To say that Tuesday the 25th of March was an interesting day in Australian politics was an understatement. First up in the morning, we had the Attorney-General announce the long-awaited proposed changes to s18c of the Racial Discrimination Act. And, as if that was not enough fuel for thought, in the late hours of the afternoon, on the day Governor-General Quentin Bryce completed her appointment, the Prime Minister announced the reinstatement of knights and dames in the Order of Australia.
Throw in the sentencing of Craig Thomson over the HSU scandal and the developing story involving Senator Arthur Sinodinos at ICAC and today could hardly have given political pundits and the public anymore fuel for debate.
After making an election commitment to repeal s18c of the Racial Discrimination Act, the government released an exposure draft of proposed changes to the Act – changes which are remarkably similar to those I suggested last week. And of course that decision, which is to be debated before proceeding to the next stage, will be a heavily discussed and opined on topic in the Australian political discourse, particularly between now and April 30.
It was a government surprise coming in the late afternoon however, which really got social media talking. At 4pm, shortly before a farewell function for the outgoing vice-regal, the Prime Minister informed Australians that 2014 sees the return of knights and dames, albeit only four annually. Twitter erupted as those changes were announced. Jokes were rolled out thick and fast and the obligatory catchy hashtag was spawned.
This was a strange spectacle on Twitter. In the morning we had a very significant issue, in proposed changes to racial discrimination laws, given some substance by the government. Debate that, social media did – until about 4:01pm. Then it was all about Australia bringing back the Sirs and the Dames. And it continued in that fashion all night long. The s18c changes were paid scant regard, as with Craig Thomson’s sentencing and Senator Arthur Sinodinos’s ICAC hearing.
You are probably thinking, like me, that you know which issue was the most substantive, and which will have the biggest impact on Australian society and culture. Surely, for most reading this, it is not the return of an old titular honour which last ceased under Prime Minister Bob Hawke. Then again, I could be wrong. It all depends on whether the views of Twitter users as to what constitutes big news are reflective of that of broader society. If that is the case, then we are in a spot of trouble.
I am not entirely convinced that Twitter is always the best representation of society’s views. It is a mode for the loudest to express their views, however those with the loudest mouths often seem to express the most uncommon views in society. It is rarely a platform for the mainstream, more moderate of voices, though there are, as always, exceptions.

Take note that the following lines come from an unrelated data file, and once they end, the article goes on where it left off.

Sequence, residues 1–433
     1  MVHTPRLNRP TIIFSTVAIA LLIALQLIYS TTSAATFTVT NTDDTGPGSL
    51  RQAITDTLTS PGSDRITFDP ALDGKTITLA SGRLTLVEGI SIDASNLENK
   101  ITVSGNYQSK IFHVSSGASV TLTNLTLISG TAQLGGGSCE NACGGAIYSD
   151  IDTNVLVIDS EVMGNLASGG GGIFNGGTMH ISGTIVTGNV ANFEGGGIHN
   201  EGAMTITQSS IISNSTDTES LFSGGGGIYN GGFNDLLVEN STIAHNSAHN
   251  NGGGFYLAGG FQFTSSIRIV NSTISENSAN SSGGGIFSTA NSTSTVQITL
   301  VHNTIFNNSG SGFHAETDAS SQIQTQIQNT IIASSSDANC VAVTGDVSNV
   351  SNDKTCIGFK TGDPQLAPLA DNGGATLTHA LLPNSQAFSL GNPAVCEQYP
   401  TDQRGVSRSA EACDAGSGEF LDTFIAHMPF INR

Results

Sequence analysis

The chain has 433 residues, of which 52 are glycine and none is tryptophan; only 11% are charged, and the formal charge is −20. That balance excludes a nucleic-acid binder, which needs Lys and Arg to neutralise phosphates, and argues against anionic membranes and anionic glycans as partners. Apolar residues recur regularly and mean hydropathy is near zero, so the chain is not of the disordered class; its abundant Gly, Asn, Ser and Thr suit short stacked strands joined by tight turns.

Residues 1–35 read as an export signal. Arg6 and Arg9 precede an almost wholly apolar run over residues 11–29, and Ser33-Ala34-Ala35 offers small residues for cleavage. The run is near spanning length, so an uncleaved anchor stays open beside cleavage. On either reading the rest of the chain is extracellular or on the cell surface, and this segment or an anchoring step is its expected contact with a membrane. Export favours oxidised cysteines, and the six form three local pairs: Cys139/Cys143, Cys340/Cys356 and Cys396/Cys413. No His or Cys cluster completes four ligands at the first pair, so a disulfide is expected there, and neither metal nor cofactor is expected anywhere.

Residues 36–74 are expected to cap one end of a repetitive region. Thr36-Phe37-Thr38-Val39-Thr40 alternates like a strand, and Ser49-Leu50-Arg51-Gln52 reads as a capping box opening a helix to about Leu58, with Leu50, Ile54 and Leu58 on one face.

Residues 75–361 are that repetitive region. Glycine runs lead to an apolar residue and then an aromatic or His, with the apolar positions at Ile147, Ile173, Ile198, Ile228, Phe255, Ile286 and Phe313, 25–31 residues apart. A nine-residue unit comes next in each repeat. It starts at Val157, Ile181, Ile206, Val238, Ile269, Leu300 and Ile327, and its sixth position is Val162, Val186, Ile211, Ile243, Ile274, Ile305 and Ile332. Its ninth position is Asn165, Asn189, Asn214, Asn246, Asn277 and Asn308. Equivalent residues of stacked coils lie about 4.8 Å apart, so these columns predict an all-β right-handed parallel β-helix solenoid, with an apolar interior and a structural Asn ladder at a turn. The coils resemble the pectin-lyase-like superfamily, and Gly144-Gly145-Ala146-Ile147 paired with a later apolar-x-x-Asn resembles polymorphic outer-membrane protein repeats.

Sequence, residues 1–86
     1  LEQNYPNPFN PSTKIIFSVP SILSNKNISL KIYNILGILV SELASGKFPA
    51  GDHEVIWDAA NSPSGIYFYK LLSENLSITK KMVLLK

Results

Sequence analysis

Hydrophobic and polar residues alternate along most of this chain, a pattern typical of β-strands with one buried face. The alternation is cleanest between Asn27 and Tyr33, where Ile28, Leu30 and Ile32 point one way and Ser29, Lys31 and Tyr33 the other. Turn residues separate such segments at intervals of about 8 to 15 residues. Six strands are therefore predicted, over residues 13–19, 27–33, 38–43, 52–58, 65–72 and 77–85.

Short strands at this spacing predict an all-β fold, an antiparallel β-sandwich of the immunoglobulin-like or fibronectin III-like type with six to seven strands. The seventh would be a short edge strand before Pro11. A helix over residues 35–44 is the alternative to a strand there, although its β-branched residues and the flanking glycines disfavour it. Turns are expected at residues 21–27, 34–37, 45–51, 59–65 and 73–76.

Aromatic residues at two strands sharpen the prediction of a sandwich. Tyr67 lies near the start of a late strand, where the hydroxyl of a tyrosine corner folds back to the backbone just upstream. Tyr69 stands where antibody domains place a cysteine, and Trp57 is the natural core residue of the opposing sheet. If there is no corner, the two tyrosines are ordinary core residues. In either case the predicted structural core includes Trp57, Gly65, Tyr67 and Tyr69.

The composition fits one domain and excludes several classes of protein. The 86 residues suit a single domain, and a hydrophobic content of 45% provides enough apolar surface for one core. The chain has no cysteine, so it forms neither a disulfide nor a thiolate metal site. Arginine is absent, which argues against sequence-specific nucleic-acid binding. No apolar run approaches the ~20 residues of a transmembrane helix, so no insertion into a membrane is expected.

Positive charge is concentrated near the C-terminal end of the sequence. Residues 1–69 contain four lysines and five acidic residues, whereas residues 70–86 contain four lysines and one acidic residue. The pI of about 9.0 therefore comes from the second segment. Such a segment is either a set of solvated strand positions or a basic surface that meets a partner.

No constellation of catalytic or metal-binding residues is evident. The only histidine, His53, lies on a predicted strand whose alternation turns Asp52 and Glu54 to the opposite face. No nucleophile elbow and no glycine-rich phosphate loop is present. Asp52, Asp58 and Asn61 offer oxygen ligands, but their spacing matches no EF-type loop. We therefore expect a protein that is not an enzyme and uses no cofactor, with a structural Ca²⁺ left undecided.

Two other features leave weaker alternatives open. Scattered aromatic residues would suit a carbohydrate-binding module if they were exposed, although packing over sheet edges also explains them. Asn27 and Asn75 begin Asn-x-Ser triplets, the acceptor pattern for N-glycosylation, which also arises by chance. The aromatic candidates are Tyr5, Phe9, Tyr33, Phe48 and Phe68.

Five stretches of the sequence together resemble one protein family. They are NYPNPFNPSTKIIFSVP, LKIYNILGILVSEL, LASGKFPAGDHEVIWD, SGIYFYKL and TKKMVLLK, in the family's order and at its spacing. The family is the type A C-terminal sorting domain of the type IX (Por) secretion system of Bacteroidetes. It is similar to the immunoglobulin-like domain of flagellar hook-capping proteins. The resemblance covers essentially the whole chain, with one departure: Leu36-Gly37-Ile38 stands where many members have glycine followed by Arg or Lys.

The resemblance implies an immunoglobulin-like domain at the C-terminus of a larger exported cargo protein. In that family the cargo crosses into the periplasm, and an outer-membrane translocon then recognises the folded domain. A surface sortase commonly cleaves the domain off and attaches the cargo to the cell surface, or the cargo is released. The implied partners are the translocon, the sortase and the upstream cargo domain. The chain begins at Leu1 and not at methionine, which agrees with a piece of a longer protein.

However, it does appear that the traditional media has taken notice of social media – as well they might when struggling to compete in a new media landscape. The major papers have, in varying degrees of absurdity, taken a stand on the smaller, more trivial issue of bestowing antiquated titles on people.
There was a theory being bandied about on Twitter, that the announcement on royally bestowed honours was used by the government as a distraction from the heat generated by the racial discrimination debate. If that is the case, shame on the majority of Australian’s for falling for it. We should have seen right through it as a non-issue and not been so incensed by what is a trivial matter in comparison.
The racial discrimination debate could change society. On the other hand, despite emotional protestations from republicans to the contrary, giving four people a year a title by appointment will have no impact on the Australian way of life. Making eminent people knights or dames will not create a renewed love for the monarchy. Only the sickening worship of these pseudo celebrities entrenches respect and admiration for the royal institution.
If republicans want a republic – and I consider myself one – we need to try much harder. If we think giving people titles will further entrench the monarchy, then perhaps we need to sharpen our arguments.
To be fair, our politicians need to learn how to prioritise better too. What was announced today was so inconsequential it should have been left off the government’s agenda for some time.
During the previous government, our political class spent a lot of energy on the often trivial nature of political debate. It seems there is a wish to continue down the path of being complicit in the dumbing down of debate and the avoidance of the hard issues.
The only question is whether we are being complacent, blissfully ignorant or willfully ignorant when it comes to deciding what matters most.
Posted in Federal Politics
Tags: #knightsanddames, Australian Government, Australian politics, Australian society, Dame, federal politics, media, monarchism, old media, political debate, racial discrimination, republicanism, royal families, royal titles, s18C, Sir, social media, Tony Abbott, traditional media, Twitter